that both operations share, such as the ability to complete housework.
Unlike generic PROMs, condition-specific PROMs
are focused on a particular disease, set of conditions,
or part of the body. The BODY-Q, for example, is a
condition-specific PROM that was designed for obese
patients and patients who undergo bariatric and cosmetic body contouring operations. 5 Domains measured
are specific to this population and include body image,
physical appearance, effect of excess skin, psychosocial
function, and others. Condition-specific PROMs are
especially useful for evaluating outcomes associated
with different approaches to treatment for a single disease. For instance, they can provide insight into how
the body image of a young adult with Crohn’s disease
might differ after undergoing an open versus a minimally invasive colectomy.
Choosing whether to use a generic or a condition-specific PROM depends on the intended purpose. 6 Is
the objective to gain an overall understanding of the
patient’s health status, or is the goal to gain a more
detailed view of the patient? Frequently, both generic
and condition-specific PROMs are used together to get
the full picture.
Other attributes of a PROM must be considered
before selection. These can include content validity,
construct validity, inter-rater reliability, test-retest
reliability, responsiveness, and whether it is static or
dynamic. 7 “Static” is the technical term for PROMs
that are administered on paper—they are static forms.
“Dynamic” is the technical term for newer test methods
that change depending on how one answers a question. A detailed description of each of these attributes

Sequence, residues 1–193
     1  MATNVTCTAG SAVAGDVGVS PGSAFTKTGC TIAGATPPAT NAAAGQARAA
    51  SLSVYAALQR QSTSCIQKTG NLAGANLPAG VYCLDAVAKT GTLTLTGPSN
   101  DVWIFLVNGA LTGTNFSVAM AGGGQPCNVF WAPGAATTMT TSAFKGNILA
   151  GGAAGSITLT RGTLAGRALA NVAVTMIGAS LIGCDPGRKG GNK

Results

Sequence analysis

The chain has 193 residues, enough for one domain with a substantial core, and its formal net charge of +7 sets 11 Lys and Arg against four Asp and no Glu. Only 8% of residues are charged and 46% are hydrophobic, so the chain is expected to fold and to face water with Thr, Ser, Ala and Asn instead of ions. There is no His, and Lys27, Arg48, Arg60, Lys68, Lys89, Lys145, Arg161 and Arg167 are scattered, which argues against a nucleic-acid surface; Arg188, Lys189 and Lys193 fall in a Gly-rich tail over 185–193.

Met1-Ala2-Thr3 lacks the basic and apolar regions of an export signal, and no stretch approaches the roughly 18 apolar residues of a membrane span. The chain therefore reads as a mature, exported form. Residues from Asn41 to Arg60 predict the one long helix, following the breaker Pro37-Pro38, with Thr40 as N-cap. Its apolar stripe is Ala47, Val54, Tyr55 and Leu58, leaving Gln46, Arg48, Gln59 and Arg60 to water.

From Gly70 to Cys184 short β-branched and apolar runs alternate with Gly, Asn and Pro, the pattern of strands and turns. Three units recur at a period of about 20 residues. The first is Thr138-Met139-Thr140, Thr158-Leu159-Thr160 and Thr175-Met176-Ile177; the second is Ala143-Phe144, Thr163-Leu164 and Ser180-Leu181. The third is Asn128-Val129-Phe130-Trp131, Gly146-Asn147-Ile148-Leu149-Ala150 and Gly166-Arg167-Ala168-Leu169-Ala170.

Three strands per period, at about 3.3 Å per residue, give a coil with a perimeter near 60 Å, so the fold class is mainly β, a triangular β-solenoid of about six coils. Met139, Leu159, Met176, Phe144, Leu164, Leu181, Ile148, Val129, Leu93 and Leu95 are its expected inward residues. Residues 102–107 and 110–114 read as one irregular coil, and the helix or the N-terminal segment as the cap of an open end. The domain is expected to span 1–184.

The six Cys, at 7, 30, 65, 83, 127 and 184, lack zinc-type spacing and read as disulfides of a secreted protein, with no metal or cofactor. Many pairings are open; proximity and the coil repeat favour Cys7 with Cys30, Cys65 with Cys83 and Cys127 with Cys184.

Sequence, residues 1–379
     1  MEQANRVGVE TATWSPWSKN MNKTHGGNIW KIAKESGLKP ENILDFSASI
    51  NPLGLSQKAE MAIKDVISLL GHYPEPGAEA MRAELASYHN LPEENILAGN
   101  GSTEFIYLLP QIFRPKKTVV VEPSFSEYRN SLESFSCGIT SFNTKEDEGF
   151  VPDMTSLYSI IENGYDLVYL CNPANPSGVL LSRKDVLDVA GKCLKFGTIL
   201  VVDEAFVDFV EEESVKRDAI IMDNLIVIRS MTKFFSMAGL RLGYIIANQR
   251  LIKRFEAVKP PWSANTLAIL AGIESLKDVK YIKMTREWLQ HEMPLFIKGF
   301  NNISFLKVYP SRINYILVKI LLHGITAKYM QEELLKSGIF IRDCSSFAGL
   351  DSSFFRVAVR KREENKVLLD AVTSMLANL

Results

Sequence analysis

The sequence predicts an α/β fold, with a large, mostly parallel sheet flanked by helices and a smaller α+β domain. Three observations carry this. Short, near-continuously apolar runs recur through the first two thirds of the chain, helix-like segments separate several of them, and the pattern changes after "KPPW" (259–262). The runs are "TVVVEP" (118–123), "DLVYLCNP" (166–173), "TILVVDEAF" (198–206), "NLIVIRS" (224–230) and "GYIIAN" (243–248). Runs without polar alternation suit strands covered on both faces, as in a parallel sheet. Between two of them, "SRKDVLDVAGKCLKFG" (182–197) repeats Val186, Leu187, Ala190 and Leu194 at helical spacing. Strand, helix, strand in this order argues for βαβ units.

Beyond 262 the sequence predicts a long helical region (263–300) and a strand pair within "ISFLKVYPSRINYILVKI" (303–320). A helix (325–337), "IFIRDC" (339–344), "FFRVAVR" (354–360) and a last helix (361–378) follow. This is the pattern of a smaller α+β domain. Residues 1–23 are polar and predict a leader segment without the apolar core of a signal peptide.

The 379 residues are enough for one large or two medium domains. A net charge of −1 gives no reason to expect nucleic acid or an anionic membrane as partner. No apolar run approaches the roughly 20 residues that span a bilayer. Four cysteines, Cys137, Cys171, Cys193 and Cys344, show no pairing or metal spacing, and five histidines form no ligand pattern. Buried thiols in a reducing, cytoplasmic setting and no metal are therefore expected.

is beyond the scope of this article; however, a good rule
of thumb is to simply read the questions posed in the
PROM. If the questions seem irrelevant or unrelated
to what you are trying to learn from patients, then you
should probably consider another PROM.
How do we collect PROs using PROMs?
PROMs are available in multiple formats. Traditionally, they were paper-based forms completed
by patients during clinic visits or returned via mail.
Because computers, and especially smartphones and
tablets, are now ubiquitous, PROMs administered in
electronic formats and accessible via handheld devices
have become increasingly popular. 7-9 For instance,
the International Consortium for Health Outcomes
Measurement (ICHOM) developed TechHub, an open
marketplace that lists health information technology
vendors who meet ICHOM’s standards for electronic
outcomes measurement. Electronically captured
PROs, called ePROs, are more efficient, less costly,
and are user friendly. Data collected using electronic
means have proven to be of equal validity to those collected using traditional methods. 10 In the near future,
electronic collection of PROs will be the norm.
Why should we collect PROs?
PRO data have been shown to enhance patient
engagement and shared decision making when
integrated into clinical care. These data provide an
assessment of the patient’s experience of illness (such
as symptoms, physical function, and vitality), their
values and preferences, and their goals of care. 2 For
instance, orthopaedic surgeons at the University of
Rochester, NY, routinely use PRO data in clinical
care to assess whether physical therapy is helpful. 11
If the therapy does not seem to be having a beneficial effect, surgeons can use the PROs to engage a
patient in a discussion about whether an operation
is a viable option. Similarly, if a patient presents for
preoperative evaluation and has PRO scores that are
as good as those of postoperative patients, then he or
she may not need an operation. As such, PROs can
be used to support patient-provider engagement by